But contentment: that is something to strive for. My goal in life is to be content. By that I don’t mean “fine” or “basically satisfied”. I don’t mean settling. I mean, for lack of better terms, feeling like I’m in the right life. Contentment, for me, would mean living in a place where I felt like part of a community, doing work that feels reasonably meaningful, surrounding myself with people I enjoy, respect, and in some cases love. It would mean spending as little time as possible doing things I don’t want to do . . .

The key to contentment is to live life to the fullest within the confines of your comfort zone. Stay in safe waters but plunge as deeply into them as possible. If you’re good at something, do it a lot. If you’re bad at something, just don’t do it. If you can’t cook and refuse to learn, don’t beat yourself up about it. Celebrate it. Be the best noncook you can be. When asked to bring a side dish to a dinner party, go to the supermarket and get the nicest prepared dish you can afford . . . If [the hostess] says, “This is wonderful, did you make it?” you can say, “I made the money to buy it,” or “I made the five-mile trip from my house to the store.”

Again I don’t agree with her on everything, but there’s a concept here that I really like—and I think my hesitation is more about her wording than anything. We’ve all been conditioned to hear the words “comfort zone” as negative, meaning that you are ruled by fear and never try anything new. Why does that have to be the definition? When I think about it, to me, that means doing only things I want to do, and not letting myself be forced into anything. Cooking is not in my comfort zone, not because I haven’t tried it, but because I have tried it a lot and I don’t like doing it. “Stay in safe waters,” that sounds like the fear-based thing. But you could just as easily say “stay in comfortable waters, and don’t do things just because other people say you should.” I am very into the idea of being the sole ruler of my own life.

As has been well established in these pages, such blatant displays of sentimentality are almost unheard of for me . . . But for every rule there is a hulking exception and the exception I make to my rigid antischmaltz policy is for dogs . . . I winced, remembering suddenly the rawness of my feelings for animals. I loved them too much [as a child]. This love got in the way of things. Every day on earth is a minefield of animal tragedies, of baby birds fallen from nests and insects smacking onto car windshields and roadkill of all varieties leaving lumpen streaks across the pavement. When you suffer from hyperempathy toward animals, the entire day can be an exercise in averting your eyes, trying to shift your thoughts, holding back tears.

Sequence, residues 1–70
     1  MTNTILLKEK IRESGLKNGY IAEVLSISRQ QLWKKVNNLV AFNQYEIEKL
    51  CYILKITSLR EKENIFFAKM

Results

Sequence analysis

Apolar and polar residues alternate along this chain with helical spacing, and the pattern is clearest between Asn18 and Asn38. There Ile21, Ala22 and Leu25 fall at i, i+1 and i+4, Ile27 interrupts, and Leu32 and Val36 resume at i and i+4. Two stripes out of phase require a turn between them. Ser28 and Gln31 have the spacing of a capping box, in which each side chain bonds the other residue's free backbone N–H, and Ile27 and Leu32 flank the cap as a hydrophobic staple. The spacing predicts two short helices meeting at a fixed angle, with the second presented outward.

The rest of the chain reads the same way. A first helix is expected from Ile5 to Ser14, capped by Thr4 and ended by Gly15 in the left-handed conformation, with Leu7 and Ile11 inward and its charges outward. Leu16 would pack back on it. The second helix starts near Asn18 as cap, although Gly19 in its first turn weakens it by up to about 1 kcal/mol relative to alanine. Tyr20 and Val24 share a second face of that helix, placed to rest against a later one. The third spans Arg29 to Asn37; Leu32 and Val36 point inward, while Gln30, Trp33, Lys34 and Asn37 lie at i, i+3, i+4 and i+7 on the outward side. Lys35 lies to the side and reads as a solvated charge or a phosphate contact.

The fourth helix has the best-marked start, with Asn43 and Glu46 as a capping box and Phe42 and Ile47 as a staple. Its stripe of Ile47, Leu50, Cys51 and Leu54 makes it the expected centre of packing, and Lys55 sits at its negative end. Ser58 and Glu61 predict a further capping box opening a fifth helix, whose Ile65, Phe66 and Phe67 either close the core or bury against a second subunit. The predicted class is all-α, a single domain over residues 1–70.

I’m learning a lot of new words thanks to Meghan Daum, words that I have been needing to know how to describe myself. “Hyperempathy” is one of them. The way she described her response to animals is the way I feel on a regular basis about people. Reading the news and driving past a homeless person are incredibly risky behaviors for me, and will frequently result in gasping, sobbing tears. I hate romantic comedies, but will cry my eyes out if pretty much anyone else starts. In eight years I’ve never written my husband a sweet anniversary note on Facebook, but I wrote intensely intimate and emotional posts about Trayvon Martin, Michael Brown, and Eric Garner (not Tamir Rice, because I still can’t handle the panicked rage that starts when I think of him). My emotional response to pain is entirely out of control, and Meghan Daum is the only person I’ve ever known to describe the same feeling.